Investing in a fast-food venture through a regional center can be helpful from a financial perspective too. EB-5 investors are required to put $1 million into a direct investment venture; however, by investing in a regional center in an area with high unemployment and low economic prospects, individuals can reduce their burden to $500,000.
While a direct investment of $500,000 probably isn’t enough to start a fast-food restaurant on your own, when you invest through a regional center you can expect to have other capital available to you as well. So, you can reduce your personal financial burden while still investing in the business of your choice. Investing through a regional center can also help you afford franchise fees, which can total hundreds of thousands of dollars for many of the most popular brands.
Fulfilling the Jobs Requirement
One of the many benefits of investing in fast-food restaurants is that meeting the jobs requirement should be relatively simply. According to the EB-5 visa rules and regulations, immigrant investors must allocate capital to ventures that create a minimum of 10 jobs. Because of the demand involved in running a fast-food restaurant, it’s likely that you’ll need a minimum of 10 workers and probably more. After all, fast-food restaurants tend to have long hours and require employees to work multiple shifts throughout the day. Your business could conceivably be open 12 hours a day for seven days a week.
Note that projects with multiple investors have higher job creation requirements than those with just one investor. However, an average fast-food restaurant may be able to meet the jobs requirements for two different investors due to the long hours.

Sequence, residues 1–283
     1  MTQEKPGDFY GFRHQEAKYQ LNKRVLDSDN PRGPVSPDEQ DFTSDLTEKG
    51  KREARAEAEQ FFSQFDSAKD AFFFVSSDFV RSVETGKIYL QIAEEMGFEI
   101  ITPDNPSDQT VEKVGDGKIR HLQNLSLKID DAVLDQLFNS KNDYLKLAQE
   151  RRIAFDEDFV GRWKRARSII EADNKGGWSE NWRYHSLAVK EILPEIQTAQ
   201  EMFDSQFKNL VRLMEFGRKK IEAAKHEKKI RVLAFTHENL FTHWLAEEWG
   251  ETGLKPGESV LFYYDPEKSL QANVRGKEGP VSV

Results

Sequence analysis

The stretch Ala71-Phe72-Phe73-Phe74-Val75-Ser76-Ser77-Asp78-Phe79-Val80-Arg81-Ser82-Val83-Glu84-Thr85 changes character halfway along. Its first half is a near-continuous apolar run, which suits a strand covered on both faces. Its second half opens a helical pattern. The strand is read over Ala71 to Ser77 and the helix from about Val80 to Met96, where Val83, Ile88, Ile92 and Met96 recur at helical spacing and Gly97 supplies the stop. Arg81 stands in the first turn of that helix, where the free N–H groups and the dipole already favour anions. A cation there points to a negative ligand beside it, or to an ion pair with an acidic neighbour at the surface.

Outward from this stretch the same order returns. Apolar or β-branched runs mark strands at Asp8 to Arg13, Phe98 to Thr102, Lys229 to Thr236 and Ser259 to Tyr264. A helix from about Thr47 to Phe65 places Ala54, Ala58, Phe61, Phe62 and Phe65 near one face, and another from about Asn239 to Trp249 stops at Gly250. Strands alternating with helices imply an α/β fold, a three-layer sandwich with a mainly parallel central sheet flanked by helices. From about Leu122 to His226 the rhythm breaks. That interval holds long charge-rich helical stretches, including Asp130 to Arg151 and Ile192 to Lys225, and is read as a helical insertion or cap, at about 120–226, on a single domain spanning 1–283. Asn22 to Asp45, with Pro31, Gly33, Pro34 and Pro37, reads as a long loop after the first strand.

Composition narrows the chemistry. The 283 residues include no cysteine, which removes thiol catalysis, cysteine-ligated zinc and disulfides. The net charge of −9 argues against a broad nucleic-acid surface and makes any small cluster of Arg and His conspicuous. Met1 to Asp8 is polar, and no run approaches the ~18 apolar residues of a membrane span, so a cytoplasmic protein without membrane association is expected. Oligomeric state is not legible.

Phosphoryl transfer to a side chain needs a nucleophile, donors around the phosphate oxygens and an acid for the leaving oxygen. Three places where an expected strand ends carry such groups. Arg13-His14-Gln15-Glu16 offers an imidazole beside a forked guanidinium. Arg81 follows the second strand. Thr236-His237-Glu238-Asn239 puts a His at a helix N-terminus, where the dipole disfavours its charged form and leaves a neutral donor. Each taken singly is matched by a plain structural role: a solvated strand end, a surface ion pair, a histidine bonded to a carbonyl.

Evaluating Fast-Food Restaurants as EB-5 Investments
Clearly there are positives and negatives associated with investing in a fast-food venture as an EB-5 visa candidate. Quintessentially American institutions, fast-food eateries are familiar to customers and tend to take in a steady stream of profits. And because they’re open long hours and require a significant workforce, meeting the jobs requirement should be fairly simple.
Still, investing directly in a fast-food venture can be a challenge. If you want to put your capital into this type of business enterprise, investing through a regional center may be the best choice. Not only does it allow investors to take a more passive role in the proceedings — something that’s helpful if they’re located outside the United States — but it may also reduce the funds needed to $500,000 instead of $1 million.
Choosing the Right Business Venture
EB-5 investors have a lot on their plate, and choosing the right business venture is one of the hardest and most crucial aspects of the process. While there’s no easy answer when it comes to deciding where to invest your money, our team is here to guide you through the process. Whether you’re looking for legal advice or business acumen, our experts have the inside track on the EB-5 program.
Ready to start your journey to permanent citizenship through the EB-5 visa program? Call today or contact us online for a consultation.